Alright. Sometimes I think that certain restaurants get an unfair rap based on their expected cuisine. What I mean by "expected" is that the food is similar; yet different than the originating ethnic cuisine. Indeed it brings up the dirty F word - fusion. However, some of these places do not advertise to be fusion nor authentic. So my question is: why do we trash them? We most certainly cannot dine at these type of establishments and expect the same food you'd get at a "real" ethnic restaurant. If you wanted that, then go to the authentic place. For example, there is Terracotta. It's advertised as "modern" Chinese cuisine. Well, that's fair enough. I do not see authentic or claims to be in that statement. So, to be fair, we can only judge the place on what they serve. No, we really shouldn't be comparing directly with say... Shanghai River. Two totally different establishments with two very different target audiences. Same with Miku. If one wanted plain ol' sushi, then go to a plain ol' sushi joint. Miku specializes in Aburi Sushi (which is authentic by the way) and that is what you'll get. Now it brings up another place - Bao Bei.
The brainchild of Tannis Ling, former master mixer at Chambar, Bao Bei is NOT a Chinese restaurant. Rather, it is a hot spot for those who are on their way to a club or just want to pick up some late night snacks. Thus, to compare it to a wonton noodle joint is plain ludicrous. With that being said, one can legitimately say that they do not like it due to personal preferences. As I stated in my Terracotta post, there are times that I really don't want to chill in a wonton noodle joint. After all, the atmosphere does not lend itself to lounging with a drink. It's strictly eat and leave. Besides, the only drink available would probably be Tsing Tao. So after a full day of eating and dessert at Bella Gelateria, Eunice, Whipping Girl, Grayelf and myself made our way to Bao Bei for drinks and some snacks on the side.
I'm not a huge drinker; but when the situation arises, I'm more than game. I decided on the China Libre (Flor de Caña Black Label rum, Ribena, Coke, lime), mostly because I like Ribena. And this drink was very tasty, I can see someone easily downing 10 of these easily. As for our food, we started with Crispy Fishies with roasted peanuts and chilis. This little dish was, in fact, very traditional. Looked and tasted much like any other version from various Taiwanese restaurants in town. Fish were indeed crispy with a nice sweet and spicy flavour. So a good start. Too bad our good start didn't last. The Crispy Daikon Cake was certainly crispy - way too crispy. It hurt trying to chew it. It was so stiff that we thought it was taro cake. For me, it just tasted like oil, don't order this. Next up were the Mantou with braised beef shortrib, hoisin, scallions, pickled cucumber and roasted peanuts. I actually liked these little bites. Compared to the ones at Terracotta (which are fried), these were much lighter and less greasy. I liked the pickle, really nice zing to lighten up the rich short rib.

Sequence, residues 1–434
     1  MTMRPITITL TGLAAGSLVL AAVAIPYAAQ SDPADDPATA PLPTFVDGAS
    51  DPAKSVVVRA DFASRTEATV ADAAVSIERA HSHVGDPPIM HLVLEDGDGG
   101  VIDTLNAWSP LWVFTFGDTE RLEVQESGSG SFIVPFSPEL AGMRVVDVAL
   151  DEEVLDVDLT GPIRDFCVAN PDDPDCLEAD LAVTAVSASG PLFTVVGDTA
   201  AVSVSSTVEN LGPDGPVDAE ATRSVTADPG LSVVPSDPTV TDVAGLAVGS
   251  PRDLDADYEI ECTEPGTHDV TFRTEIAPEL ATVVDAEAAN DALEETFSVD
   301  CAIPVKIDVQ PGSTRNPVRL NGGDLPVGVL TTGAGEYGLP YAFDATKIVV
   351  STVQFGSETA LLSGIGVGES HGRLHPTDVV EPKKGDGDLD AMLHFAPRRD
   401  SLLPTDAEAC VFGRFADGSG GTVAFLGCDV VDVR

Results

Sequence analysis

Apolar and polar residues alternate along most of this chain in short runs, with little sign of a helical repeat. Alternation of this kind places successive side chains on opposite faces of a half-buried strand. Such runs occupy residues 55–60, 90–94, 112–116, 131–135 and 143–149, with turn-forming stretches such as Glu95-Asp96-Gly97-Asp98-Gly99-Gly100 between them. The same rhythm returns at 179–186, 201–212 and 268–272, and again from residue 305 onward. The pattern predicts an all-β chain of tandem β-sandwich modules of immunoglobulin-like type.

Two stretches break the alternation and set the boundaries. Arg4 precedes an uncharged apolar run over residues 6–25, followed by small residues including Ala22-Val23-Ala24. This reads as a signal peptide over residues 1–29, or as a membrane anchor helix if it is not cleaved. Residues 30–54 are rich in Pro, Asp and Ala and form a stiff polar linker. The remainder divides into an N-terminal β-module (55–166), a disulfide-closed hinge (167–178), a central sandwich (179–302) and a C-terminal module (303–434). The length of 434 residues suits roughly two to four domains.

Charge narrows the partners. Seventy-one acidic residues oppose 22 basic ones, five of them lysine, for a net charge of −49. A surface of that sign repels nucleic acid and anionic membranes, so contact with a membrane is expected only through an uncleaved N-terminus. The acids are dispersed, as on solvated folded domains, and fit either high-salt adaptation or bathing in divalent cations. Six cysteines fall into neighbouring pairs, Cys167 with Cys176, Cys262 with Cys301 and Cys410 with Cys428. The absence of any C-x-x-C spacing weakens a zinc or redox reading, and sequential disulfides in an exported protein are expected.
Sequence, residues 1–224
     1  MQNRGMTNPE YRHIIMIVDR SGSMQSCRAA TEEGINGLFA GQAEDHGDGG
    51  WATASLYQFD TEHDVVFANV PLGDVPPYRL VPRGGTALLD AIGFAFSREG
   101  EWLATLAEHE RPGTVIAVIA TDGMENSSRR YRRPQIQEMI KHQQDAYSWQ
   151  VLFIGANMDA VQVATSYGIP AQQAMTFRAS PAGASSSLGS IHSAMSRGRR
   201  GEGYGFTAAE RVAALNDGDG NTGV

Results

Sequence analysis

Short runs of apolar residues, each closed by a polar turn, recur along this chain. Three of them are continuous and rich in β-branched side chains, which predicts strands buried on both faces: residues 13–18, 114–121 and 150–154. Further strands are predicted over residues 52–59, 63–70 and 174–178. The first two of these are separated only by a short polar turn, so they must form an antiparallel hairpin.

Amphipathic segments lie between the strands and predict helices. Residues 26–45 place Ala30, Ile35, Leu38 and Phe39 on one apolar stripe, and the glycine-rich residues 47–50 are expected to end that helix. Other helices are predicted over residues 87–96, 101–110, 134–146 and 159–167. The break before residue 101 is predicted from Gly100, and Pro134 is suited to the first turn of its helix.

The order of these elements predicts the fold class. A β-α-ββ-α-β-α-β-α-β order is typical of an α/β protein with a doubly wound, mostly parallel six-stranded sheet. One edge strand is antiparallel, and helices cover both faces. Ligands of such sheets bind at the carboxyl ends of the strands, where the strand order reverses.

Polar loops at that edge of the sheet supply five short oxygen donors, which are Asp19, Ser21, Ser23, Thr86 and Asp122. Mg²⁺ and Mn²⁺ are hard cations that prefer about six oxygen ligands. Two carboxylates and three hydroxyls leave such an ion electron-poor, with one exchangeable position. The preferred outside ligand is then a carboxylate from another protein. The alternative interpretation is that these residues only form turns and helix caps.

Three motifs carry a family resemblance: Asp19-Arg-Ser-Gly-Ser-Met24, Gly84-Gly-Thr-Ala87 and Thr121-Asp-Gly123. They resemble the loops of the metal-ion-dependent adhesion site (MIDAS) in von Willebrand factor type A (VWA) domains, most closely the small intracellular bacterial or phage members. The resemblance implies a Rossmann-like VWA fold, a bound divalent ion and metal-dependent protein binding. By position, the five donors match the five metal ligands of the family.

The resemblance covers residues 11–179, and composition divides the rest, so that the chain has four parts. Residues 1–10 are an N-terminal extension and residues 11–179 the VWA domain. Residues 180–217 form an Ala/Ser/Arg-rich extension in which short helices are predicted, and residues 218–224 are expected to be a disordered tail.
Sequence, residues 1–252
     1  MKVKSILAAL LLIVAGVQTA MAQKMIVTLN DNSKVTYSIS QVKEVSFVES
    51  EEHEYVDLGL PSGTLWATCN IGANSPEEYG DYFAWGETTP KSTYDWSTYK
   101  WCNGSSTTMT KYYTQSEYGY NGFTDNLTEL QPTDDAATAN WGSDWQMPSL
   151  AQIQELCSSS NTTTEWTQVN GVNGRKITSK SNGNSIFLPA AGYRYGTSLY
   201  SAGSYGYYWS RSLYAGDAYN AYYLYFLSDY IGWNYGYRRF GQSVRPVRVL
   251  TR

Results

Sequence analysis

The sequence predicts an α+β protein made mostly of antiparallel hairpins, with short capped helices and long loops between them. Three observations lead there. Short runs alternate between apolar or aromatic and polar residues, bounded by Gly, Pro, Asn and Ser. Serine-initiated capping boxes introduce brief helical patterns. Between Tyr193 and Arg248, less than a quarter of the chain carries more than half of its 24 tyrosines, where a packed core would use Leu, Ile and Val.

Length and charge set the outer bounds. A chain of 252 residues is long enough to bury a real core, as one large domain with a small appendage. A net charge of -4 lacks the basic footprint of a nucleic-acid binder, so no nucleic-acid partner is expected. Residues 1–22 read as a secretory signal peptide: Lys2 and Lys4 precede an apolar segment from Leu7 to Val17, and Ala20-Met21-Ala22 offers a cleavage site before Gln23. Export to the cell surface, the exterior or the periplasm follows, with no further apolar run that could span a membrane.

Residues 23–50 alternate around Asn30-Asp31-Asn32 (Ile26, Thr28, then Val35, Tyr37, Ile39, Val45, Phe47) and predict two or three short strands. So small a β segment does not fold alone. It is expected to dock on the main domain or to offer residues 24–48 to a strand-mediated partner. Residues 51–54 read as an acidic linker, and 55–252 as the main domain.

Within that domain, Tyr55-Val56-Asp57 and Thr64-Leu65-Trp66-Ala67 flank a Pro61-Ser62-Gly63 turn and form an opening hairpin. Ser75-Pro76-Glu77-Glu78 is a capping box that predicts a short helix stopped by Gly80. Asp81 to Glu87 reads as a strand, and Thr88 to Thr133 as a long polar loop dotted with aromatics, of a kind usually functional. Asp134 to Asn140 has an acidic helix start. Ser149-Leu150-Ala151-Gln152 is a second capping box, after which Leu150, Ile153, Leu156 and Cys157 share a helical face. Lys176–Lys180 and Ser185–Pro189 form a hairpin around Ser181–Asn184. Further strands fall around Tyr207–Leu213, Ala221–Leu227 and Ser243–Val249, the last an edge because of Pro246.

Now something that I've heard lots about, the Shao Bing. Consisting of crunchy sesame flatbread with braised pork butt, Asian pear, pickled onion and mustard greens, this was pretty decent. Nice take on this Northern Chinese dish. The flatbread was crispy and I found there was a good balance of ingredients where we found tart, sweet and savoury components. That was supposed to be it for our food order; however, Grayelf bumped into a friend and invited him over to our table. He had ordered the Beef Tartare (Pemberton beef tenderloin, preserved mustard root, crispy shallot, ginger
root, quail egg, watercress, burnt scallion oil and lotus root chips) and insisted we try it. In terms of concept and presentation, this is very similar to Beef Yuuke (found in many Izakayas). The tartare was executed quite well. The combination of tender beef and raw egg made for a certain level of smoothness. Although there were hints of zing from the ginger and shallots, the tartare would've benefited from more acid. The taro chips made for an excellent eating vessel.
Last dish was the Rekong Beef Noodles with house-made square egg noodles, braised Pemberton beef, blistered organic tomatoes, local watercress, shallots, cilantro and broth. I found this offering to be underwhelming, especially for $12.00. With that being said, the noodles were perfect and the side dipping sauce was delicious. I gotta admit that Bao Bei was not as bad as people have made it out to be. Sure, not everything was to my liking; but it was decent enough and the drinks were excellent. With all that being said, the prices are high for this type of food. So if this is not your cup of tea, head over to the nearest Chinese greasy spoon; just don't compare it to Bao Bei, they are 2 totally different entities.
- Really good drinks
- Great vibe
- Some dishes are actually quite good
- Pricey for what you get
- Place is small and cramped
- Good for snacks, not good for dinner